Thursday, October 23, 2014

2014 Strengthening Families Fall Conference

The 2014 Strengthening Families Fall Conference, sponsored by the Indiana Department of Child Services, took place on 15-17 September 2014 at the Indianapolis Hilton North. This was the 20th of the Institutes which are offered twice annually. The three day institute offered morning and afternoon workshops that were three hours each in duration.

The value in this event for parents, especially those in custody battles, is immense. While I have paid hundreds of dollars for similar one day seminars this semi-annual Institute remains the most affordable at $50 for all three days which includes breakfast and afternoon snack.

The courses I took were;
1] The Trauma of Child Molestation
2] Learn the Signs. Act Early. Resources to Support Early Identification of Autism and Other Developmental Concerns
3] We Collaborate Every Day with Clients, Co-workers, and Partners
4] Getting Dads Involved - Why and How
5] The Art of Effective Communication
6] Coaching
Additional conference offerings included;
~ Recognizing the signs and impact of stress, trauma, and abuse on the development and functioning of young children;
~ Laughter Yoga;
~ Heroin in Indiana;
~ Building trust;
~ Understanding addiction and brain disease;
~ Infant mortality;
~ Power of the mind.

1] The Trauma of Child Molestation was presented by John Day who has 29 years of clinical practice experience specializing in play therapy with traumatized children. He currently teaches full time at Wabash Valley College in Mount Carmel, Illinois.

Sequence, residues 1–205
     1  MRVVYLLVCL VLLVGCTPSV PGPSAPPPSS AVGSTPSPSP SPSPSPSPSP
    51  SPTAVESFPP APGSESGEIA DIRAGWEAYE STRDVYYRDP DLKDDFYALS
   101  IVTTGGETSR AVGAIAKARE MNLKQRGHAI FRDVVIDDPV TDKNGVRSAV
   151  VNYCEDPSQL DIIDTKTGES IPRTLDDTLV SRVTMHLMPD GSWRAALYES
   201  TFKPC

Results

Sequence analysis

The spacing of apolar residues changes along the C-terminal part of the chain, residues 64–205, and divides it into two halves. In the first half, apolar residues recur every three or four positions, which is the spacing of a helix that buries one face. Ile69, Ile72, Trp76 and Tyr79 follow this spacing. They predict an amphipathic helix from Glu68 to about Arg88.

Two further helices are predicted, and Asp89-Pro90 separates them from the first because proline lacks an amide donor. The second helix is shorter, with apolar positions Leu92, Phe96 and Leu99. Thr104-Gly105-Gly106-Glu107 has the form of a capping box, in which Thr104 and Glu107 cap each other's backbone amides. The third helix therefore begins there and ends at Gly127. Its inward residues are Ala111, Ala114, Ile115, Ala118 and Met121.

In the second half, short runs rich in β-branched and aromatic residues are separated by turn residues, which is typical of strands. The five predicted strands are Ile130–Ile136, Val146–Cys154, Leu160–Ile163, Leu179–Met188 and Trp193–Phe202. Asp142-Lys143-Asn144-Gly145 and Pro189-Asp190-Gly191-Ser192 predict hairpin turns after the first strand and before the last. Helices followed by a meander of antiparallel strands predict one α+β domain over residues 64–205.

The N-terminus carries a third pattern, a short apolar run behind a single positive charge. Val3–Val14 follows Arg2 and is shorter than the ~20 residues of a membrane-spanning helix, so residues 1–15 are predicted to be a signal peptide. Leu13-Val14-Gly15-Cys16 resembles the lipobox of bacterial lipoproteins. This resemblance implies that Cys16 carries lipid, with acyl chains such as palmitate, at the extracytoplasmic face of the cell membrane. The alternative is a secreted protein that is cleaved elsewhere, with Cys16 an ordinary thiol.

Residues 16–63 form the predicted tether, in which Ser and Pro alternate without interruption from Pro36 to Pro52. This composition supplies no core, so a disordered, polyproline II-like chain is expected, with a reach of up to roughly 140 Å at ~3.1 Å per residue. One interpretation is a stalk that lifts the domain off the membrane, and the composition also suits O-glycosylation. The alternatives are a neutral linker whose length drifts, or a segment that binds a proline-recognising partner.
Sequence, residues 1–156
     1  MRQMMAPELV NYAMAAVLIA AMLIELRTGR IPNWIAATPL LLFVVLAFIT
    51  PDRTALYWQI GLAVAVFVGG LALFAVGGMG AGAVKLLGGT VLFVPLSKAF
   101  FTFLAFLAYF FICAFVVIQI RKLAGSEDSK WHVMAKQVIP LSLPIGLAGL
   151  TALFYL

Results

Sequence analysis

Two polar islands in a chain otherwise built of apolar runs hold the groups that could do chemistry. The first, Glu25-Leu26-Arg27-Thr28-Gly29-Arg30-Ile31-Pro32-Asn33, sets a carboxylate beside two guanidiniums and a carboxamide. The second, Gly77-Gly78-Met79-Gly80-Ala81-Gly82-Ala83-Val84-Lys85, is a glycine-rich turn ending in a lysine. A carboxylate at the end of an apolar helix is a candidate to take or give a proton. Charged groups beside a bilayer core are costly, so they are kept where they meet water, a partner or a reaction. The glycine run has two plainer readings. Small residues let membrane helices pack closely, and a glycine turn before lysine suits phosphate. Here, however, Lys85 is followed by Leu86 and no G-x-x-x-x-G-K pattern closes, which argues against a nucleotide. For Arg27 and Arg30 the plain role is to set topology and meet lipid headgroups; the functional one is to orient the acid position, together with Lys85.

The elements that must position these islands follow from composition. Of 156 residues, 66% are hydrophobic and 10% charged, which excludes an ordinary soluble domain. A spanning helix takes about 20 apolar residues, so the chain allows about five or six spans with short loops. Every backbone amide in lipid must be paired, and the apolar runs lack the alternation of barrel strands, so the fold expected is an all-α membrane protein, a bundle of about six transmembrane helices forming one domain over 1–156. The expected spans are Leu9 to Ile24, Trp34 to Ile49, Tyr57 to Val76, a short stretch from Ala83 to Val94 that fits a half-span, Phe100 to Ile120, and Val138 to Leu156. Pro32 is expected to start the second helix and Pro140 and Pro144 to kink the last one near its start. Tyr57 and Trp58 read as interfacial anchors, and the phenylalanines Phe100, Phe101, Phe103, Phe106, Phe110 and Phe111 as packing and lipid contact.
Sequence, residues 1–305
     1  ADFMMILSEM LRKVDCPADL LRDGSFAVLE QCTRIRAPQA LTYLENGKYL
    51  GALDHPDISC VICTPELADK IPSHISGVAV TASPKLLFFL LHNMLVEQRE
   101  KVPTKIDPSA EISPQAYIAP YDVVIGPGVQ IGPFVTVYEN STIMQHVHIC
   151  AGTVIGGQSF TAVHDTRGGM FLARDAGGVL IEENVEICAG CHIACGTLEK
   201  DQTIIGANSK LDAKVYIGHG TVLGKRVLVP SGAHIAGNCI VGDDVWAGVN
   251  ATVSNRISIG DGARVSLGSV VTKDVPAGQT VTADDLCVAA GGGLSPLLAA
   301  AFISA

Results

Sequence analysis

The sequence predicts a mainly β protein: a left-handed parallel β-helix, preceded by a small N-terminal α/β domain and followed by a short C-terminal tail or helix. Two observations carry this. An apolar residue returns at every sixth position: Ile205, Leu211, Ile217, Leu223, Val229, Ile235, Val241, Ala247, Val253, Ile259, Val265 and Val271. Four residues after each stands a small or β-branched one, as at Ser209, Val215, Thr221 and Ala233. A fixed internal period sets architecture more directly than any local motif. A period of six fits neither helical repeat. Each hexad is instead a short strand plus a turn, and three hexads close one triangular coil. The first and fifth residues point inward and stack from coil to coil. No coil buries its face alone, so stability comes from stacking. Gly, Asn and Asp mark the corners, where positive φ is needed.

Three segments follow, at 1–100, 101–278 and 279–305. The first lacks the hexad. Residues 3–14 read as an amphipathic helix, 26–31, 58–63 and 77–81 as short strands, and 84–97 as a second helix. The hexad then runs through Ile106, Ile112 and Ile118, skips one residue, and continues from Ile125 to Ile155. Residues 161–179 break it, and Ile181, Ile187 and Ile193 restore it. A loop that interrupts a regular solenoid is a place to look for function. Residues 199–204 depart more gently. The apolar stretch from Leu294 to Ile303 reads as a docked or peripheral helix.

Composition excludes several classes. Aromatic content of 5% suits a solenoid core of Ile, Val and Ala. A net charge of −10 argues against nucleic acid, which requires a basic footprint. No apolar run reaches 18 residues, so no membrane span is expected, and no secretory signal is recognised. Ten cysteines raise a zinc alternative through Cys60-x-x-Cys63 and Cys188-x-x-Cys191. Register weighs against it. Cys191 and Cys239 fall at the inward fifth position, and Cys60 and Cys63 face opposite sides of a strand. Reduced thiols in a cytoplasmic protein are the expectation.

Parties to divorce and adverse parental relationships have a proportionally higher rate of childhood sexual victimization than the general population. As our society is more willing to be open about sexual issues and reporting of abuse the victimization rate has declined. The rate of childhood sexual victimization in the United States is declining. Due in part to the heavy financial judgments levied against the Catholic Church and the corresponding media coverage as well as identification and funding of effective abuse prevention programs. It is currently estimated that sexual abuse of girls has dropped to 20% while the rate for boys has dropped to five percent. Participants learned how to identify the signs of sexual abuse in children through the presentation of case studies. They also learned about the short and long term neurological effects of trauma including how brain development is affected. I have previously written about How Parents Induce Child Molestation which presents some of the ways to reduce opportunities for childhood victimization.

2] Learn the Signs. Act Early. Resources to Support Early Identification of Autism and Other Developmental Concerns was presented by Steve Viehweg is a founding chair of the Indiana Association for Infant and Toddler Mental Health. He is currently Associate Director of the Riley Child Development Center. Autism Spectrum Disorder (ASD) is now the term used to cover an array of neurological conditions related to Autism. The affect rate is now said to be 1 in 68 by the age of eight years. As with any condition accurate assessment and diagnosis is critical. The overuse of ADHD and bi-polar labeling along with the subsequent use of drugs to tranquilize “normal” children for the convenience and profit of adults. ASD is at risk of being overly diagnosed and any diagnosis should be viewed with skepticism. Parents should learn about what behaviours actually constitute these conditions and what is merely misbehaviour or lack of discipline. Typical symptoms of ASD are easily perceived as disobedience or dishonour which will not be remedied through punishment or humiliation. In my case as a child both strategies only produced resentment, hostility and purposeful disobedience. Early diagnosis provides greater opportunities for remediation. The current average diagnosis is four years and five months. Diagnosis by age 18 months is preferable for the most effective treatment to occur.